Jesus Christ Superstar that mean I haven’t written the millionaire supervillain off completely; and I vaguely remember enjoying the Menier Chocolate Factory’s production of Aspects of Love nine years ago. But I think on that occasion I must have just enjoyed looking at Michael Arden for three hours because revisiting it now at Southwark Playhouse it turns out the show is a right turd. This is the latest of Jonathan O’Boyle’s musical revivals to transfer from Manchester’s Hope Mill Theatre, and in fairness I don’t have much issue with the production itself or the cast. Set mainly in France between 1947 and 1964, it begins with 17-year-old Alex (Felix Mosse) getting an Ibsen boner for actress Rose (Kelly Price) and inviting her to spend a fortnight with him at his wealthy uncle’s country house.
With her acting work on hold and no paycheck coming in she agrees, but it turns out Alex hasn’t actually cleared this with his uncle, and when George (Jerome Pradon) finds out he returns to the house to kick them out.
But instead he falls for Rose himself, starting a love pentagram that’s really hard to care about. Aspects of Love famously spaffs out its most famous song, “Love Changes Everything,” right at the start, and its only other familiar tune, “Seeing Is Believing,” not long afterwards. Of course this being ALW it doesn’t make a huge difference where in the show they appear, since the rest of Don Black and Charles Hart’s lyrics are basically sung to those two tunes as well (it’s through-sung so there’s really not much respite.) With little musical variety we’re left with the story which is, to put it mildly, problematic. The charmless and petulant (even as he gets older) Alex is a hard lead to care about even in the first act (Rose reacts all "LOL, ze English" to Alex SHOOTING HER) and her other possible love interest isn’t much better (George wants Rose as the “other woman” as he’s still with Italian lover Giulietta at the time.)
By no means should this imply that it's only the men who are complete garbage fires, as Rose's first instinct when meeting George is to change into what she knows full well is his dead first wife's favourite dress, in a truly twisted attempt to get him to fall for her that nearly gives him a heart attack. Still, at least in a much-needed injection of camp it's a dress with a built-in cape, an idea designer Jason Denvir turns out to like so much he calls back to it later.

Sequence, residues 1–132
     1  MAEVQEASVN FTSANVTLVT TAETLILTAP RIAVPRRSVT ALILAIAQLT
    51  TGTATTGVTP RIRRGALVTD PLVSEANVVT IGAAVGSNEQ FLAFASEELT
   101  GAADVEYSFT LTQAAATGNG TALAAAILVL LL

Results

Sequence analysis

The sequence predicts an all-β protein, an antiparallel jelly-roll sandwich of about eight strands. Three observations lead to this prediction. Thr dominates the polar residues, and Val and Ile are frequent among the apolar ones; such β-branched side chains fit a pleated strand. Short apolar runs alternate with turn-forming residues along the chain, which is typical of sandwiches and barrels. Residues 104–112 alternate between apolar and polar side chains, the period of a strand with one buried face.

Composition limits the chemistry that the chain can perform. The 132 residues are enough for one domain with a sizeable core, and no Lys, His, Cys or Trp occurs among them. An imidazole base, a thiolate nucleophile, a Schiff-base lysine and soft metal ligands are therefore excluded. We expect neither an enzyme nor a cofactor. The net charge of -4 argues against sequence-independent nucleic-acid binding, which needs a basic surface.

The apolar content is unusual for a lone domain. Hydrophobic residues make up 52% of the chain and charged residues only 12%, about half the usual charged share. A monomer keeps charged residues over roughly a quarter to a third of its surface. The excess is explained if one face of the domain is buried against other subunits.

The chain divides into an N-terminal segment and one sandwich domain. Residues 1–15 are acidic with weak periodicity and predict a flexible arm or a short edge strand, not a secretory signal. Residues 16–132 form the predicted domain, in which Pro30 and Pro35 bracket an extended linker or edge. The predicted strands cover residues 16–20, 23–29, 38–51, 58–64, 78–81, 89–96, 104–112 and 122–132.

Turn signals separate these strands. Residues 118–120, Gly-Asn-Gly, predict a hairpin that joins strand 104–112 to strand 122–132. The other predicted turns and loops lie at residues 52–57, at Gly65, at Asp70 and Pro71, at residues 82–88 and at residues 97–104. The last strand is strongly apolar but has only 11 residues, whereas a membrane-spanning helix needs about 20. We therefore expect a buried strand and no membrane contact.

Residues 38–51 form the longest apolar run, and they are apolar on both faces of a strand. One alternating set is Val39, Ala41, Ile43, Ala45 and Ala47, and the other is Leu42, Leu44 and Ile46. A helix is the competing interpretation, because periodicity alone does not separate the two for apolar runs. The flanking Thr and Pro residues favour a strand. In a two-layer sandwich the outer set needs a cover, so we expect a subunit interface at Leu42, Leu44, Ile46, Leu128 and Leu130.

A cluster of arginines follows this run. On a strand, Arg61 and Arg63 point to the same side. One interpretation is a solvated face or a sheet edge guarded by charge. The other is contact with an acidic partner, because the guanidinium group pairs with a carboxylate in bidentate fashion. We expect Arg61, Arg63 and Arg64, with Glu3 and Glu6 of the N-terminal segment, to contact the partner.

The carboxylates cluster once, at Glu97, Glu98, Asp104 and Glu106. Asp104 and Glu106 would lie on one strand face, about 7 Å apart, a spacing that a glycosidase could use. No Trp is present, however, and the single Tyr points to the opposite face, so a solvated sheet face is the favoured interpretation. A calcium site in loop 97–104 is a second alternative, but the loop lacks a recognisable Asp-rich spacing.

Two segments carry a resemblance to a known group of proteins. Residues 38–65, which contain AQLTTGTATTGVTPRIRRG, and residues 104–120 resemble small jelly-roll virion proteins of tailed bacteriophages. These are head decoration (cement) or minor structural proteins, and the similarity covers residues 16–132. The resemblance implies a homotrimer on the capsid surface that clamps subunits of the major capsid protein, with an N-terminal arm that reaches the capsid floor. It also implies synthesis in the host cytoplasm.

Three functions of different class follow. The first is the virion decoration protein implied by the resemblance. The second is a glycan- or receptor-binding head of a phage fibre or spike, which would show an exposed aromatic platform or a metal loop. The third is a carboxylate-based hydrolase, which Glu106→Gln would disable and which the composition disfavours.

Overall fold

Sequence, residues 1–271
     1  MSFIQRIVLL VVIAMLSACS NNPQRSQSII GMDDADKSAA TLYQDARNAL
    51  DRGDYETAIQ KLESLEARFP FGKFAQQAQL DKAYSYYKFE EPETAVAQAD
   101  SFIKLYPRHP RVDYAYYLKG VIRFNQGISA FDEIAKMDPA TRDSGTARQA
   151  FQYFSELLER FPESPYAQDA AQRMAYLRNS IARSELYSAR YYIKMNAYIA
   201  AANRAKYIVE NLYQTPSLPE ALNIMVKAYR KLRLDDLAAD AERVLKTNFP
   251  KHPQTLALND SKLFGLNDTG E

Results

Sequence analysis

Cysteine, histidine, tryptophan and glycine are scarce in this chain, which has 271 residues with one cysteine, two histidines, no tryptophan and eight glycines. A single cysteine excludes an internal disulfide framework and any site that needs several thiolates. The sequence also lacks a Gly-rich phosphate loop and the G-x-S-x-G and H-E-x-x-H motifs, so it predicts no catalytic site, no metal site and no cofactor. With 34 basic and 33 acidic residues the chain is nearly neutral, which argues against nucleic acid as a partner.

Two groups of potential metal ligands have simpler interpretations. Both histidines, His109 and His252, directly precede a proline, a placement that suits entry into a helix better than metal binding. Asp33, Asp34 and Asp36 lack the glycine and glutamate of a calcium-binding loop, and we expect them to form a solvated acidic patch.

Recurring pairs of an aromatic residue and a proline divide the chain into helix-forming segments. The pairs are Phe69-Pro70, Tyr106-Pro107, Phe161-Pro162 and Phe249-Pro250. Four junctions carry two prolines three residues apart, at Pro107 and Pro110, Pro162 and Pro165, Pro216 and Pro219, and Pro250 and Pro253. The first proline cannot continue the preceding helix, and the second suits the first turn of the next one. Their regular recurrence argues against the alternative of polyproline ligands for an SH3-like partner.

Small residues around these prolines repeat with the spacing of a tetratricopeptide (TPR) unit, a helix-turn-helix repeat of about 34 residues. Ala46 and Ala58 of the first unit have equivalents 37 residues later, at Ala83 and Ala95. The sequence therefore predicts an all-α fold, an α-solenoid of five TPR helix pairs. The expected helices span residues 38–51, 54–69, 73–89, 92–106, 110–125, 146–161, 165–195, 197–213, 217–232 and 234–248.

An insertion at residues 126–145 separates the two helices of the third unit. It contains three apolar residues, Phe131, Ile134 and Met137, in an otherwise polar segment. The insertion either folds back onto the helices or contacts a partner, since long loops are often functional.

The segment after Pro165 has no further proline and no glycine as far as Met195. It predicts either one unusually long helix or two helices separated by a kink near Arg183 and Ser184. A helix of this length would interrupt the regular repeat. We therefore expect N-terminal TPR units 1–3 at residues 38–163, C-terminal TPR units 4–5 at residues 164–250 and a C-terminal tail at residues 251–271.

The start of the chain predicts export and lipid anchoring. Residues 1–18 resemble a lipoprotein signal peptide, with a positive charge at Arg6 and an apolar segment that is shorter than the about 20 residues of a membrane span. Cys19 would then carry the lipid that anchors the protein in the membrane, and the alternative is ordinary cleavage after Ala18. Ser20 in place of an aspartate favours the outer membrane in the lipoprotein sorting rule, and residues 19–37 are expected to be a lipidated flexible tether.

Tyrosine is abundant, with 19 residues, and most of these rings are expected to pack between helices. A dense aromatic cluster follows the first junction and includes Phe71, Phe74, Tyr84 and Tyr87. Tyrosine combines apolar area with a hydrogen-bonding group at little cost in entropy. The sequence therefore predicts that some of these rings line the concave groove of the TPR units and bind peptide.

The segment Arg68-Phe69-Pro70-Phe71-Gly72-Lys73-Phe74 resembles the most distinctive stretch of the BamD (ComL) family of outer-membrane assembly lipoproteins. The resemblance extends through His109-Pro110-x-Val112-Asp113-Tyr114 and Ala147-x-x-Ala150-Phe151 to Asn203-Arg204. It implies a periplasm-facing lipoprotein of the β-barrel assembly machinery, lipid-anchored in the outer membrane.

The second act is even dodgier as we jump to the 1960s and Alex coming back from a military career to reunite with his uncle and Rose, now married to each other. He goes all Yewtree over their 15-year-old daughter Jenny (Eleanor Walsh,) and in a programme note O’Boyle is keen to point out that The aGE of conSENt IN FrANce iS FIFteeN So it’S NOt thaT CReepY ACtualLY. Which is all very well if it’s a Romeo and Juliet situation and her love interest is also fifteen, but he’s her 34-year-old first cousin and she still likes to play at being a mermaid so pardon me if I cringe right out of my skin. (Except I needed to keep my skin on, as well as all my clothes and my coat, because unusually for The Large it was freezing in the theatre. I heard one of the ushers complaining to the house manager about it afterwards so hopefully it was a one-off that’ll be fixed for future performances.)
Alex does eventually get over Jenny in characteristically douchebag fashion, namely by fucking another of his uncle’s exes at his funeral. Outside of the main four characters all the roles are pretty thankless, including that of Giulietta; Madalena Alberto does eventually get her moment to shine with "Hand Me the Wine and the Dice,” a rare upbeat number which also gives Sam Spencer-Lane’s choreography a chance to come to life. It’s too little and far too late though; I guess ALW and co didn’t have time to explore all the possible aspects of love in one musical, but it’s a shame they decided to focus so exclusively on the boring ones.
Aspects of Love by Andrew Lloyd Webber, Don Black and Charles Hart, based on the novel by David Garnett, is booking until the 9th of February at Southwark Playhouse’s Large Theatre.
Running time: 2 hours 40 minutes including interval.
Photo credit: Pamela Raith.